It is just approaching 9:59 a.m. and I am the first in line at the special area of the post office where you pick up packages. In the neighboring courtyard I see a troup of men chopping huge tree trunks into nicly organized piles of fire wood, they are going to have to hurry because the sun will be on its way out of town in about 7 hours and they have a lot of work to do. As I keep myself occupied watching the axes slipt the wood, a line is forming behind me and I overhear a murmor "I think he is here to pick up a package of money from America." The doors to the special package office open just after 10:17 a.m. (record time)and I get invited in by the uniformed dressed, stoned faced customs officer. I smile and make small talk with the officer, but it is a one way conversation, I open the box to show him what is inside and he looks disappointed...just a hunch but I think he thought I was getting a box of money from America too. I gave him a handfull of candy my cousins the Hunt's from Colorado sent and that seemed to lift his spirits a bit. As I walk out of the office everyone is trying to get peaks inside my package and one man mumbles, "Did you see it, it had to be at least one thousand if not two!" and as I make my way in search of a cup of coffee I crack a huge smile and laugh out loud. As I wait for the van to leave from the city back to the village, I take advantage of the internet cafes and pizza the city has to offer. I write an email to my parents telling them about my Thanksgiving dinner at the US Ambassadors house in Bucharest last week and how much fun it was. I write my sister and brother-in-law to see how my newly born neice, Emily, is doing and to tell them the pictures they sent of her were great. After this, I write an entry in my blog, which I have not had a chance to do in long while to tell all my friends and family about how great my life is going over here in Romania and especially the village. There are new challenges everyday but more times than not those challenges lead to new adventures and I would never trade those challenges in for certainty, even if I could. Also, I will tell them that I will be home in MI for Christmas and then I will be heading to Las Vegas after the New Year to meet up with my best buddy Fever. Then, from Vegas we will head south down to Phoenix, AZ for a our good buddy Nick's wedding and where we are getting the band back together.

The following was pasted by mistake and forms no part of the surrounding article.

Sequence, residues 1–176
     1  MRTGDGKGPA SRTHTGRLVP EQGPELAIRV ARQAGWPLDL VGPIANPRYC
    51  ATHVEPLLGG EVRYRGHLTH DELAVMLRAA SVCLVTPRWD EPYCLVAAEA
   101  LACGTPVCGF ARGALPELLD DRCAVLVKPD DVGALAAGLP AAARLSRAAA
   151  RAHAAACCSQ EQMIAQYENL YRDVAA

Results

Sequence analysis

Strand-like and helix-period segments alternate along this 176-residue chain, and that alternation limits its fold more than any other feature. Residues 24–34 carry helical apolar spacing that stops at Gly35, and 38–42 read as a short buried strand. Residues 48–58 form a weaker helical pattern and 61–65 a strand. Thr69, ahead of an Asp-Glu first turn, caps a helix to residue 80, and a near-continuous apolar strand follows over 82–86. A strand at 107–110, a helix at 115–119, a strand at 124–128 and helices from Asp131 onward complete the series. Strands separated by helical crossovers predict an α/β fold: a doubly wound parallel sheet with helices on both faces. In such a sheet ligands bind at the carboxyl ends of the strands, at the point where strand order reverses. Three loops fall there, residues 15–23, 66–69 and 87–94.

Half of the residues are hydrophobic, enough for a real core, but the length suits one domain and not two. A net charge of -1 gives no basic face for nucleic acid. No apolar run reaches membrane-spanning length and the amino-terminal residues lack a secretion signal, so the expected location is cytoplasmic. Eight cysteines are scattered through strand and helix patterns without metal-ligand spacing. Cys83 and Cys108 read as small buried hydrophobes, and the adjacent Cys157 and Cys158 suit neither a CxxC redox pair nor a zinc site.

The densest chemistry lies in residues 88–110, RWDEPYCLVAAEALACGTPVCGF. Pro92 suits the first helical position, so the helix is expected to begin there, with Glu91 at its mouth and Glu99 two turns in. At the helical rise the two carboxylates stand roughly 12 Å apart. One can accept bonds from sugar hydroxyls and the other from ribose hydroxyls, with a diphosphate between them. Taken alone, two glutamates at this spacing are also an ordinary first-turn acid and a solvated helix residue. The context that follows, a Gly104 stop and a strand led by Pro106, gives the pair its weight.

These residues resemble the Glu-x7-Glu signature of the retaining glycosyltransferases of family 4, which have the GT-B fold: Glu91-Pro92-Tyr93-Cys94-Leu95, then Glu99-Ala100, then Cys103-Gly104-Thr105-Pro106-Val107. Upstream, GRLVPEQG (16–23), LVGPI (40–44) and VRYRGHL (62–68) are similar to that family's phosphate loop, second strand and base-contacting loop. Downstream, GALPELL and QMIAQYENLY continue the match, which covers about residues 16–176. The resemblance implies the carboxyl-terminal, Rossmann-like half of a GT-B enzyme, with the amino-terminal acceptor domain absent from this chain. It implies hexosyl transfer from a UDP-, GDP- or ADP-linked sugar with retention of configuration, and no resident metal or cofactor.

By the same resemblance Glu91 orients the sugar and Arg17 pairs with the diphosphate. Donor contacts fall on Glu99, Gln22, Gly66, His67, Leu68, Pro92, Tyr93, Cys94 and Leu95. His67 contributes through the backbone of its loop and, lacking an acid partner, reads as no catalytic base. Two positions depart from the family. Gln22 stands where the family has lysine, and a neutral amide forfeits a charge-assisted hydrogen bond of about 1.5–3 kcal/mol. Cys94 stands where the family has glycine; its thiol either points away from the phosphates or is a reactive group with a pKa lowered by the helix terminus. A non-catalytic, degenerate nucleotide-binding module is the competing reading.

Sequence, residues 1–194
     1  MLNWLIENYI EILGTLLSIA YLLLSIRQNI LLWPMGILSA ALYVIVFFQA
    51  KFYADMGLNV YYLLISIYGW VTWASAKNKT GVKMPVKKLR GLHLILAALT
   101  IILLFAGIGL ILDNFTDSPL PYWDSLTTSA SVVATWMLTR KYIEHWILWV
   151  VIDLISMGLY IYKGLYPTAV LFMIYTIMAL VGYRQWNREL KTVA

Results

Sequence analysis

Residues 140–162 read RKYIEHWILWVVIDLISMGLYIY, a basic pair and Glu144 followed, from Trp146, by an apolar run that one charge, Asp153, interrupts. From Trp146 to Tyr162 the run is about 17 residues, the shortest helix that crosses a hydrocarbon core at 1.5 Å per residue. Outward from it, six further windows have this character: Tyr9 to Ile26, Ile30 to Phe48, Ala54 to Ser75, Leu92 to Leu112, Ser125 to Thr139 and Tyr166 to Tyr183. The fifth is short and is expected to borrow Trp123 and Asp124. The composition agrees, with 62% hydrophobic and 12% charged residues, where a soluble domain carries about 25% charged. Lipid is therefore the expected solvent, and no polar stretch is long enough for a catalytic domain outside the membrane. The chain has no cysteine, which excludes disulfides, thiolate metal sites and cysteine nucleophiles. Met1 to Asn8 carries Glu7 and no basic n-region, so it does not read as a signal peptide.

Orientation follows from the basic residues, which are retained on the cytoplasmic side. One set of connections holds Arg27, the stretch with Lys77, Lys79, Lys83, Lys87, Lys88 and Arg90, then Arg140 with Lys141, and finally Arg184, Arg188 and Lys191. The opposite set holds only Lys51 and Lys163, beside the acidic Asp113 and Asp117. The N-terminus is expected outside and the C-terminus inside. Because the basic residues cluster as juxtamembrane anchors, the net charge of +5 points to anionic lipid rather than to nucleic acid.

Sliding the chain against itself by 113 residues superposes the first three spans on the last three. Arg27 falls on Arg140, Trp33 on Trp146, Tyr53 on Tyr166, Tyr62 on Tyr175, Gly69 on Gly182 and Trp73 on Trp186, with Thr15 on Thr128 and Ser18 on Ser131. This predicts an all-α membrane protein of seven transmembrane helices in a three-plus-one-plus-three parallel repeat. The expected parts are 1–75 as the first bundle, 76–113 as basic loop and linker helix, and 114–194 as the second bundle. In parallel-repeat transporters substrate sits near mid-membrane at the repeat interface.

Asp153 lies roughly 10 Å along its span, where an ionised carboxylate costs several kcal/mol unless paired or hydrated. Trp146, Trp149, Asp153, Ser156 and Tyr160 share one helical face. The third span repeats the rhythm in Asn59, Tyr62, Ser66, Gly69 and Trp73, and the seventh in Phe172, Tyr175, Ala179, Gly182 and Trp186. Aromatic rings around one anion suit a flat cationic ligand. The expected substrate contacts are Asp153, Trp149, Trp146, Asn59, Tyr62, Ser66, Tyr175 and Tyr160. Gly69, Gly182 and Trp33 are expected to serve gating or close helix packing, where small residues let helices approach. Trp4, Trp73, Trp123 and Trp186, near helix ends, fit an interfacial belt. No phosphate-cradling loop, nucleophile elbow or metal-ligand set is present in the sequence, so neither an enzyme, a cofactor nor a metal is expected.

"There's nothing you can do that can't be done
Nothing you can sing that can't be sung
Nothing you can say but you can learn how the play the game
There's nothing you can make that can't me made
No one you can save that can't be saved
Nothing you can do but you can learn how to be you in time
Nothing you can know that isn't known.
Nothing you can see that isn't shown.
Nowhere you can be that isn't where you're meant to be.
All you need is love
Love is all you need"
- The Beatles